Modifications Modifications refer to changes made to curriculum expectations in order to meet the needs of the student. Modifications are made when the expectations are beyond the students level of ability. Modifications may be minimal or very complex depending on the student performance. Modifications must be clearly acknowledged in the IEP.
*second language exemptions *withdrawal for specific skill *include student in same activity but individualize the expectations and materials *student is involved in same theme/unit but provide different task and expectations Examples
Modifications The student is taught something different from the rest of the class. The student is taught the same information, but at a different level of complexity. The student has a reduced assignment (for example, has fewer questions to answer). Use a lower level reading text book, which covers similar subject content. Expectations of what the student learns will vary based on modifications agreed to on the IEP
Accommodations and modifications are the specific supports and services a student needs to succeed in the general education classroom The Basics Accommodations and modifications for instruction and assessment MUST be clearly specified in the student’s IEP and must be routinely used in the classroom. Routine procedures used with every student in a class are NOT accommodations.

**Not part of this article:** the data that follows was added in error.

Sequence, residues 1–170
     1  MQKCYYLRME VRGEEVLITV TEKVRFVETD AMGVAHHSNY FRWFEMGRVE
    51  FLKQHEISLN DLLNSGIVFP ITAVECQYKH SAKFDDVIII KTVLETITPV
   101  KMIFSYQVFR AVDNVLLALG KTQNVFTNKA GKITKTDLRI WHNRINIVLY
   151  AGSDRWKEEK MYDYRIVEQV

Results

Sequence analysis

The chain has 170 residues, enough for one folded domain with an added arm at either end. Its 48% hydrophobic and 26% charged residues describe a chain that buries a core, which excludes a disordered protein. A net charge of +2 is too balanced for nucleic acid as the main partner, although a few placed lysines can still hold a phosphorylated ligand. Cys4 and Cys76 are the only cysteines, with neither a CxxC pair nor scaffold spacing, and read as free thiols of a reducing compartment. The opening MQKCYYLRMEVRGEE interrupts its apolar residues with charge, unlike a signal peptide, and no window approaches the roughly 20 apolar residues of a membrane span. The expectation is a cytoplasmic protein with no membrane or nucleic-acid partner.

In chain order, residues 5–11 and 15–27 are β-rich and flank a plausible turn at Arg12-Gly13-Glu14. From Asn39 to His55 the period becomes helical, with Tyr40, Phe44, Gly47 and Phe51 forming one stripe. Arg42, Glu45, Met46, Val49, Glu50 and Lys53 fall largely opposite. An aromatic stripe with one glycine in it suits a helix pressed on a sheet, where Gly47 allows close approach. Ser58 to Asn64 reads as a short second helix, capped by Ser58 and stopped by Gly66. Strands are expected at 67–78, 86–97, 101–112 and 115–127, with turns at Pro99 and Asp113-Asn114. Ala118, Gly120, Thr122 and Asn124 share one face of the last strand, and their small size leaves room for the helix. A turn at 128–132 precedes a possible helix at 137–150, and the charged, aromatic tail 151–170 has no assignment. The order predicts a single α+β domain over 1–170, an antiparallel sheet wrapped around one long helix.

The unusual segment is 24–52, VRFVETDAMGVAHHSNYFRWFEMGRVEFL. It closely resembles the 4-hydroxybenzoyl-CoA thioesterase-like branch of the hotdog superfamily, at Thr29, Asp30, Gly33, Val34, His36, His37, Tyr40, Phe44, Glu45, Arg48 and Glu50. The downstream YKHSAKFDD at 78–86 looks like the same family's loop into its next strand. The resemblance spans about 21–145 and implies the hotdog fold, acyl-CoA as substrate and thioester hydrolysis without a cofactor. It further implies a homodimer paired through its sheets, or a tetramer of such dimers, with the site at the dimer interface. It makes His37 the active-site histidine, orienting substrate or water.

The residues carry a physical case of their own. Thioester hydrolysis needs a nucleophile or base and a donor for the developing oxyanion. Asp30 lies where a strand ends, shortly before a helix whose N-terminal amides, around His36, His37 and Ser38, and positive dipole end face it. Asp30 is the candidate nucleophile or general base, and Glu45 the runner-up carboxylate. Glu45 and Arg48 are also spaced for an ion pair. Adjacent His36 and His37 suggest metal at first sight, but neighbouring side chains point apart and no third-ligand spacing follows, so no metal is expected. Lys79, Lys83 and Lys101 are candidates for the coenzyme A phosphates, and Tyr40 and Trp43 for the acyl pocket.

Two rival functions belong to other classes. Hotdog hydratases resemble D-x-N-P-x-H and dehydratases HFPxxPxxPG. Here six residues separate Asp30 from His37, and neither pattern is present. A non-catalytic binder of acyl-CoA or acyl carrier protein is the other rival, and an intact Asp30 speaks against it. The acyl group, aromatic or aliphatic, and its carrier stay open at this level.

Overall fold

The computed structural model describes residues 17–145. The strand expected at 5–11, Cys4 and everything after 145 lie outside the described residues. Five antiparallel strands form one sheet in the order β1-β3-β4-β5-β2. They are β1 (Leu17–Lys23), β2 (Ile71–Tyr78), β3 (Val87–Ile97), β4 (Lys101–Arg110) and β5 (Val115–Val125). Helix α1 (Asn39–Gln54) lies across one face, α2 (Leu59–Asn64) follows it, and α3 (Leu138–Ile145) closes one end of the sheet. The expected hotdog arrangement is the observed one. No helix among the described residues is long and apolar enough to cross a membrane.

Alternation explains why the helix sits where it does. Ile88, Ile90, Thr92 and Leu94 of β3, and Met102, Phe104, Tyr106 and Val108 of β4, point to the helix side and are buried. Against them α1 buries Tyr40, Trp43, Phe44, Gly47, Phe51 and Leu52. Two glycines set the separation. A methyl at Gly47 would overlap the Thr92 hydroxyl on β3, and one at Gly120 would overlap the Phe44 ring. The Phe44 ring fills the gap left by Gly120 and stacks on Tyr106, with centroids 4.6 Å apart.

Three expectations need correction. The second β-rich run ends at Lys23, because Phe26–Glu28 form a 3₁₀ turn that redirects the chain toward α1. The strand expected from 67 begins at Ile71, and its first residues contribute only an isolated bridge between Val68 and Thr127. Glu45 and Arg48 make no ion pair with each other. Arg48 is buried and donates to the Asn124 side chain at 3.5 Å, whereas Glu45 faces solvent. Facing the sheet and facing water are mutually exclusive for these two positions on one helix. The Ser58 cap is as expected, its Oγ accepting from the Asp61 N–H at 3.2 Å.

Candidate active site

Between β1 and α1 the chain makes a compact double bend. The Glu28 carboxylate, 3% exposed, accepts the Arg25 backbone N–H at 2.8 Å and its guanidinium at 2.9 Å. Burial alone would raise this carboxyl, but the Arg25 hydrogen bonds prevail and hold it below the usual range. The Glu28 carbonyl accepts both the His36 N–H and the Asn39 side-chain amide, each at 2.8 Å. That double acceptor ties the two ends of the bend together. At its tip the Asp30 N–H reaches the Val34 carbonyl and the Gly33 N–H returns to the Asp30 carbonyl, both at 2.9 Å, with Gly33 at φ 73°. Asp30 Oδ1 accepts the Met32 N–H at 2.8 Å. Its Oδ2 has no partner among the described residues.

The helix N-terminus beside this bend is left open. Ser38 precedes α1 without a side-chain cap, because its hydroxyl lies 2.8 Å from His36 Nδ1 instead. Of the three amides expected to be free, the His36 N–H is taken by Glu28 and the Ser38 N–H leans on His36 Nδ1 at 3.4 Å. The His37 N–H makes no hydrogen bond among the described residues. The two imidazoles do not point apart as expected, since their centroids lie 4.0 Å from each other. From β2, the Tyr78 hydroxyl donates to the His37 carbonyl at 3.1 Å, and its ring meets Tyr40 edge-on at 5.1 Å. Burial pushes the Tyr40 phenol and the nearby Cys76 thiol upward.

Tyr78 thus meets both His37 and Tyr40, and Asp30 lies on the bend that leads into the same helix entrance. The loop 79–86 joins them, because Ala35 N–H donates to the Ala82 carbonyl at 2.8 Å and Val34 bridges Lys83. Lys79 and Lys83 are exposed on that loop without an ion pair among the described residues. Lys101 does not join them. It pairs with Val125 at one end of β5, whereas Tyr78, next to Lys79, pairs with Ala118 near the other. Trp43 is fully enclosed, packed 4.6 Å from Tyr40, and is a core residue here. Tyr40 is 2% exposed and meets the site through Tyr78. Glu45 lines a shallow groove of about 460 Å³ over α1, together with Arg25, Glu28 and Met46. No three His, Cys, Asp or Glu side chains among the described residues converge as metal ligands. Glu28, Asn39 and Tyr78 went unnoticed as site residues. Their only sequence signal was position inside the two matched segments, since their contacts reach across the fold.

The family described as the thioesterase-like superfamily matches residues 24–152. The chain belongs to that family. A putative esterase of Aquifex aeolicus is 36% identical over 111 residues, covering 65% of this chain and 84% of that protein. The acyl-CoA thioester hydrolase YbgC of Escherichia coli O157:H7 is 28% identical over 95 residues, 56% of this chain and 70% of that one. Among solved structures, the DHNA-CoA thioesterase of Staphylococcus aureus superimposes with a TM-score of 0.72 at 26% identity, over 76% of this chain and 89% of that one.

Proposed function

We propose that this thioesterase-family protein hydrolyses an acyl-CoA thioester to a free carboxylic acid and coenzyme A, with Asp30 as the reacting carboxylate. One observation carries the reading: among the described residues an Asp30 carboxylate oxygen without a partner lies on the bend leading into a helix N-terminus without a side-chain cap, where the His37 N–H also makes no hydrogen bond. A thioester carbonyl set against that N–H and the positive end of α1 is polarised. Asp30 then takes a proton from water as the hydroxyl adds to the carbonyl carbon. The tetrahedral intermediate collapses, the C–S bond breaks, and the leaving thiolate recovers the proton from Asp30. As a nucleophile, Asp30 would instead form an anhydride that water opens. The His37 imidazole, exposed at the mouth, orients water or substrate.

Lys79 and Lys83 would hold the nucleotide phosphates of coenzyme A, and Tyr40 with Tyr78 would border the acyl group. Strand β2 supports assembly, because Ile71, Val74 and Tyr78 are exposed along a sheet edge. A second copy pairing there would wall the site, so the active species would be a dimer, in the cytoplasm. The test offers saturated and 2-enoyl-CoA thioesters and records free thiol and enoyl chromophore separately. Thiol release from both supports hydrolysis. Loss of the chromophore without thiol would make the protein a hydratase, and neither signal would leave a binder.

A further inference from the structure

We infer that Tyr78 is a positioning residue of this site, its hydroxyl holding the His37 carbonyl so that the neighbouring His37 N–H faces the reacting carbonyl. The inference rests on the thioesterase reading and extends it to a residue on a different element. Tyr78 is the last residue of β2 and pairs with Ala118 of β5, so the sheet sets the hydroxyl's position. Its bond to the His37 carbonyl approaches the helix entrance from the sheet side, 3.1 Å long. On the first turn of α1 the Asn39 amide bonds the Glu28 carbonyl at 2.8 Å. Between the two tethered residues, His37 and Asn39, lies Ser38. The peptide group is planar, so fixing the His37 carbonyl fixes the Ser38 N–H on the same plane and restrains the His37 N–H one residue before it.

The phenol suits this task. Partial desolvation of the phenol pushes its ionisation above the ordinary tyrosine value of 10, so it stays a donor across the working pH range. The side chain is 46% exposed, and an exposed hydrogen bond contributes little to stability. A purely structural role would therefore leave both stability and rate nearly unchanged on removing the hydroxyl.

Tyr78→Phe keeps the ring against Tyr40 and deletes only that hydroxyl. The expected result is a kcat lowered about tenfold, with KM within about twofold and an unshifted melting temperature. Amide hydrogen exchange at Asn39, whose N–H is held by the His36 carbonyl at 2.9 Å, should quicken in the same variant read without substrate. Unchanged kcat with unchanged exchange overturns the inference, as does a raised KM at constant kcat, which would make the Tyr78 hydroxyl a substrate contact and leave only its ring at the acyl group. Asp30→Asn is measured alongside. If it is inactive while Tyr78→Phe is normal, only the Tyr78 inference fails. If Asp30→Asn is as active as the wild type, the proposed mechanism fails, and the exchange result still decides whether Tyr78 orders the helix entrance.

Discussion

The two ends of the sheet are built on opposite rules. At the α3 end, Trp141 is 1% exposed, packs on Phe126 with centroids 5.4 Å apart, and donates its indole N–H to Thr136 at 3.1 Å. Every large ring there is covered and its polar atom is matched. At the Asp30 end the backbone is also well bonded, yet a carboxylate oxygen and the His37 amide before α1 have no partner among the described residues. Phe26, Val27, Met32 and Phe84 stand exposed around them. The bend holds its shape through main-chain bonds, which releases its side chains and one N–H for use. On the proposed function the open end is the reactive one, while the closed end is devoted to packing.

What are the perceptions of the parents, teachers and others about how the accommodations appear to have worked? What accommodations is the student regularly using in the classroom and on tests? What is the student’s perception of how well an accommodation has worked? Has the student been willing to use the accommodation? Have there been difficulties administering the selected accommodations?
Accommodations are generally grouped into the following categories: Presentation Response Timing/Scheduling (e.g., extended time, frequent breaks) Setting
Timing/Scheduling Test at students best time of day Extended assessment time Frequent supervised breaks Use of clock or timer
Setting Alternative location Individually or in small group Placement of student where he/she is most comfortable Able to move, stand or pace in a manner where others’ work cannot be seen and is not distracting. Use of concentration aids (e.g., stress balls or noise buffers). Placement of teacher/proctor near student.
Presentation: Aids Use of calculator /talking calculator (on non mental math assessments) Use of manipulatives (e.g. actual coins,base 10 blocks) Use of rulers Use of auditory amplification devices or sound systems Use of visual aids (e.g., magnification devices) Use of Braille and enlarged print versions of assessment Use of page tuner Use of acetate colored shield, highlighters,highlighter tape, page flags, and reading guides on test booklets.